Like

  59. Jack Strawb January 28, 2015 at 02:13 #

    “Enter the “social progressives” in the 1960’s, especially John Dewey,…”

    Dewey died in 1952.

    I like you, judgy, but you’re easily at your worst when you try to cobble together histories of things you’re not familiar with. In addition, treating community college tuition as though it was the plain price of a market commodity makes no sense and makes for weak analysis.

    –I’ve noticed that several of my recent comments have “your comment is awaiting moderation” appended to them. Am I under a cloud?

    Like

  60. judgybitch January 28, 2015 at 13:23 #

    No. WordPress will hold some comments and not others. No idea why. You’re an approved commenter.

    Like

  61. judgybitch January 28, 2015 at 13:24 #

    And Dewey’s legacy lived long past him 😛

    Like

  62. Sisyphean January 29, 2015 at 14:50 #

    In my mind the problem being that to use averages as measures you have to be able to understand exactly what you said: that no one is exactly average, that the purpose of knowing the mean or the median is to get a feel for the nature of the population as a whole, rather than the performance of any given individual. I don’t think the ability to grasp that group A might have a higher average score on a math test, but group B with a lower average can still have someone with a higher score than any individual in group A (and every other possible permutation) is very common. Human intuition (i.e. common sense) can be very useful in some ways, in others not so much.

    Like

  63. superawesomeguy January 30, 2015 at 16:02 #

    The left and feminism are the same thing. When you realize that you’ll see why the president says the things he says.

    Like

  64. Paul Murray January 31, 2015 at 12:30 #

    “Prior to 1984, it was possible for a student to graduate from high school fully prepared to enter into an apprentice trade”

    Apprenticeship. Older men interacting with younger men. Sharing life experiences, acting as role models.

    This cannot be allowed.

    The heart of the feminist program is not attacking the trades – that’s incidental. The heart of it is breaking the generational bonds between men. Because men are the wardens and propagators of culture, specifically the culture that extends beyond face-to-face social bonds. Civilisation.

    Like

  65. that1susan January 31, 2015 at 15:58 #

    Did you see what a previous poster here said about the reduction in high school vocational programs coinciding with the elimination of the draft? In addition to the people who staff colleges and universities (who I agree are largely feminist), I think those who profiteer from wars also have a strong motivation for seeing to it that large numbers of disadvantaged youth will view military service as the only viable step-up out of poverty.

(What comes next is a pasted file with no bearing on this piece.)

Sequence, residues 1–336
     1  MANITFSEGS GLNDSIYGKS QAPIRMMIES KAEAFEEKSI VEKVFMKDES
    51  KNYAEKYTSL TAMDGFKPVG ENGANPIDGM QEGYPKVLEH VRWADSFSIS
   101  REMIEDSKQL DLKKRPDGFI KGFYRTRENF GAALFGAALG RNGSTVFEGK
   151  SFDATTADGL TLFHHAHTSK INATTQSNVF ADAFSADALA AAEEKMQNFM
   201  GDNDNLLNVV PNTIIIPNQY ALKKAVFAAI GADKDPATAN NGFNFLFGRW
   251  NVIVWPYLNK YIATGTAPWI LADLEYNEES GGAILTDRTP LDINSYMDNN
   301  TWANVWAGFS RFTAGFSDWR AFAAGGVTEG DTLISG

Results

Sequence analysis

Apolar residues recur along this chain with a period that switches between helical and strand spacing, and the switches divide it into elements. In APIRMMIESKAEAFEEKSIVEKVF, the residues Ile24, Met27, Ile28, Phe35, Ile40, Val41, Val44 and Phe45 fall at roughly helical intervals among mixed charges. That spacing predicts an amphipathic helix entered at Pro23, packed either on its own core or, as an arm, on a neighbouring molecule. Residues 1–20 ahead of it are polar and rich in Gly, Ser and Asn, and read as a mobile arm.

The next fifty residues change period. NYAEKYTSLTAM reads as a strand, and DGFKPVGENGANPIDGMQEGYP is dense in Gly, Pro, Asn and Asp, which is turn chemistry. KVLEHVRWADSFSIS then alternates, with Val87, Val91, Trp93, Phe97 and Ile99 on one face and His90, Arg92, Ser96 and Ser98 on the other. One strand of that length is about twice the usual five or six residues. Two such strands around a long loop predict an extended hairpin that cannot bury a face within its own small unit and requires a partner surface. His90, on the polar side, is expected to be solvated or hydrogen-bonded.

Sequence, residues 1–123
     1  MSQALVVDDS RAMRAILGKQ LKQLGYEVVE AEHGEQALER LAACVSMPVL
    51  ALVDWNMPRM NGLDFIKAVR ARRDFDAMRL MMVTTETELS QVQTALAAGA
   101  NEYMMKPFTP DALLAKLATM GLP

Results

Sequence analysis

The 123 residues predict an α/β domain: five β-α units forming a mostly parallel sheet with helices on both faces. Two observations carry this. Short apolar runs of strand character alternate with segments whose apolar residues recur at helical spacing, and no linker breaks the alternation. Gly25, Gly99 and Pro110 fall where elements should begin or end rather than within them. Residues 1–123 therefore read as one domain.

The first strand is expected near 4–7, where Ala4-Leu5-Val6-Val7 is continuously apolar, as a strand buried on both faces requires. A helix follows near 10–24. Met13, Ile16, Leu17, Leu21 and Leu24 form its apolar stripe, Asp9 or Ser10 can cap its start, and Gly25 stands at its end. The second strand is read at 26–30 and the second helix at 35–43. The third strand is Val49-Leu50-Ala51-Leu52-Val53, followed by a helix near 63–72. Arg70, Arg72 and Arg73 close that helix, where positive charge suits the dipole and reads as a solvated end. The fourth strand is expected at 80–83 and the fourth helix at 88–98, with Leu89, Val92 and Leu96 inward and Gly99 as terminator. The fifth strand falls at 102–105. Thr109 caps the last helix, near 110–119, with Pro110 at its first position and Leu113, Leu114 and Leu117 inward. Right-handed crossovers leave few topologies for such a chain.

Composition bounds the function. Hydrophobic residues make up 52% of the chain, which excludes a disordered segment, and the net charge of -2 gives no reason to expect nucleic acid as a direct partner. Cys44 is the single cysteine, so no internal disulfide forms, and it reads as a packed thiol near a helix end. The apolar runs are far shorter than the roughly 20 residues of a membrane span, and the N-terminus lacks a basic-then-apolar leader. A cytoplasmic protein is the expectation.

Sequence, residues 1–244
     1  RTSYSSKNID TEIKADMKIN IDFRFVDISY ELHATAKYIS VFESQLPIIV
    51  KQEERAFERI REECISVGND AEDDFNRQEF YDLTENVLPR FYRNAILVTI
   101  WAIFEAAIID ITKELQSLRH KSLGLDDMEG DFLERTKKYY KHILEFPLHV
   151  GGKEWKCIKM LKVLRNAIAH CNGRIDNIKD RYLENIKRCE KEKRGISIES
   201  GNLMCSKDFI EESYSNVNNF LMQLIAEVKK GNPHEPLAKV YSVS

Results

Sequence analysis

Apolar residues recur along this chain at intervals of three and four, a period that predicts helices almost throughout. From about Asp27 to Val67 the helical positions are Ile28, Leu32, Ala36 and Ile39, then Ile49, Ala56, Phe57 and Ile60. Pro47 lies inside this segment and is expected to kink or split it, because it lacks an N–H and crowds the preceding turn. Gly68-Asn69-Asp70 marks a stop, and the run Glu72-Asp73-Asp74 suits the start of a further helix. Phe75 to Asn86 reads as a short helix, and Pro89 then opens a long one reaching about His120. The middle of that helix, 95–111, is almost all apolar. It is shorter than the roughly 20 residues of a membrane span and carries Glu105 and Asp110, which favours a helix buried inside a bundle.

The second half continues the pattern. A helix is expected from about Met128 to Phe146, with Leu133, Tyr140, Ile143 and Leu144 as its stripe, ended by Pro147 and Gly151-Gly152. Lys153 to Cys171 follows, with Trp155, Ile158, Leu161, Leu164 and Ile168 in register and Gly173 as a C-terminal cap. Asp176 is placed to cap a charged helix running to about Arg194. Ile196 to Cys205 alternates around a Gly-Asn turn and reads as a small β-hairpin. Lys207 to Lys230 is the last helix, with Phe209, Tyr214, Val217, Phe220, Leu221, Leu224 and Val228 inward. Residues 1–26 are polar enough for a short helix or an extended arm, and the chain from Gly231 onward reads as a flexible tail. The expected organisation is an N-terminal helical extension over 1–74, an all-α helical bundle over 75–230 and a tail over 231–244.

But I’m very excited about what’s now happening in some regions of the U.S. Students in some vocational/technical programs are getting much more versatile educations than traditional students, because they are graduating ready to start a career AND AT THE SAME TIME they are graduating with a solid foundation in the core academic subjects, so that, should they ever want or need to attend college, they’ll be every bit as well-prepared as a traditional student.

    For example, one girl is studying cosmetology in high school so that she’ll be able to work flexible hours while pursuing a pharmaceutical sciences degree in college (2nd link below). I would imagine that some people in financial lending institutions might dislike the idea of more high school graduates being in a position to finance their own university educations (should they ever decide to go that route), and not needing to take out student loans.

    Some people who’ve never even finished college are currently having to spend years just paying on the interest that’s accumulated since their first semester or first year of college — after dropping out of college, many kids who are unaccustomed to financial responsibility tend to forget about the loans they took out or to be eager to defer them for a few years, and are hit very hard some years later when the collection agents track them down and they owe many times the original amount. Some people are making a shitload of money off of these naïve young people.

    http://www.americanradioworks.org/segments/the-troubled-history-of-vocational-education/

    http://www.usnews.com/news/articles/2014/05/02/the-return-of-vocational-high-schools-more-options-or-the-kiss-of-death

    Like

  66. Paul Murray February 2, 2015 at 01:16 #

    Personally, I think that web application development and similar strands of computing work should be treated as a trade. You go on-site, you build (or bodge up a fix) to something, you install it. That’s a trade. Frameworks are in a state that you simply don’t need the knowledge of theoretical CS that you get in uni. Developing new crypto algorithms: yes; adding a button to a web-page: no.

    Move HTML/CSS/Javascript into trade school.

    Like